Case-Shiller Home Prices, Consumer Confidence, Treasury Auction
With sales of new and existing homes increasing and mortgage rates moderating, the housing market is ready to stabilize and begin recovering from the subprime meltdown. That can’t happen without prices stabilizing too, as continuing deflation gives potential homebuyers the incentive to wait on the sidelines. So markets will be paying close attention this morning to the S&P Case-Shiller index, which is expected to show the annual decline in prices moderating.
Economists at BMO Capital Markets say there is little doubt that the housing market has already hit bottom and is now recovering. “In the past three months (and in 4 of the past 5 ending June), both new and existing home sales increased,” they said before the Case-Shiller release. “Unsold homes on the market still remain relatively high, particularly on the resale front owing to foreclosures, but the inventory overhang is not as huge as it was before, and the associated downward pressure on prices is abating.”
Analysts expect the most closely-watched tracker of nationwide home prices to show prices in the 20 metropolitan areas falling for their 33rd month in June, but the annual pace of decline is expected to improve slightly to -17.9% from -18.1% in May, continuing the minor improvement seen since February.
“It’s easy to dismiss the idea of a sustained recovery in sales as a fantasy, but at least some elements of both the macro story and the specifics of the new home market support it,” said HFE chief US economist Ian Shepherdson. “The key point here is that homes are more affordable than they’ve ever been, provided you can get a mortgage as the posted rate.”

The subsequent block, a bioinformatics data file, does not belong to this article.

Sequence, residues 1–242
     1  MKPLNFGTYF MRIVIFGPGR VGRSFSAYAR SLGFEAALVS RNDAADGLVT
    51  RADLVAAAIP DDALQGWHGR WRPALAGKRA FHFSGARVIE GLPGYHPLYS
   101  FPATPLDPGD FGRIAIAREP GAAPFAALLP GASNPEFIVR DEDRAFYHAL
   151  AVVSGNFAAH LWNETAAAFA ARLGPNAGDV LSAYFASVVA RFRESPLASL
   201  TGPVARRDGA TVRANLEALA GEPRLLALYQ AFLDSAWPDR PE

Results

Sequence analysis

Then, at 10:00, the Conference Board measure of Consumer Confidence is expected to bump slightly to 50.0 in July, after a 49.3 reading in June. Many analysts expect sentiment to fall due to continued losses in the labor market, but two weeks of gains in the stock market, plus falling gas prices, have pushed the median forecast upwards.
Analysts at BMO are particularly optimistic. “Higher equities and lower gasoline prices in the month likely helped consumers regain some of the prior month’s dip in confidence,” they wrote in a client note. “Look for the index to climb several points to 52, still deep in recession territory but well above February’s all-time low of 25.3. Also look for less gloomy labour market prospects.”
At 1:00pm the Treasury Department will auction $42 billion 2 yr notes. Mortgage News Daily's MBS Commentary blog will cover the results and communicate any effects on mortgage rates.
In today’s Headlines:
Gov't Efforts to Reduce Foreclosures Failing: “An Obama administration effort to reduce home foreclosures by lowering the mortgage payments of struggling borrowers before they fall behind is failing to help as many people as expected,” reports the Wall Street Journal. “Among the problems: Some homeowners are being told they must be behind on their payments to receive help, which runs counter to the aim of the program. In other cases, delays are so long that borrowers who are current on their payments when they ask for a loan modification are delinquent by the time they receive one. There is also confusion about who qualifies. Administration officials have summoned executives of 25 mortgage-servicing companies to Washington on Tuesday to discuss efforts to help borrowers, both delinquent and at risk.”
US$ Sinking: “The U.S. dollar index (DXY) tested a new low for the year (78.315) as investors and traders increased their bets that the global recession is over,” said TJ Marta in the Overnight Express. “The greenback underperformed all other major currencies. The AUD by far outperformed the others as RBA Governor Glenn Stevens opined that the current economic downturn might not turn out for Australia “to be one of the more serious ones of the post-War era, in contrast to the experiences of so many other countries”.
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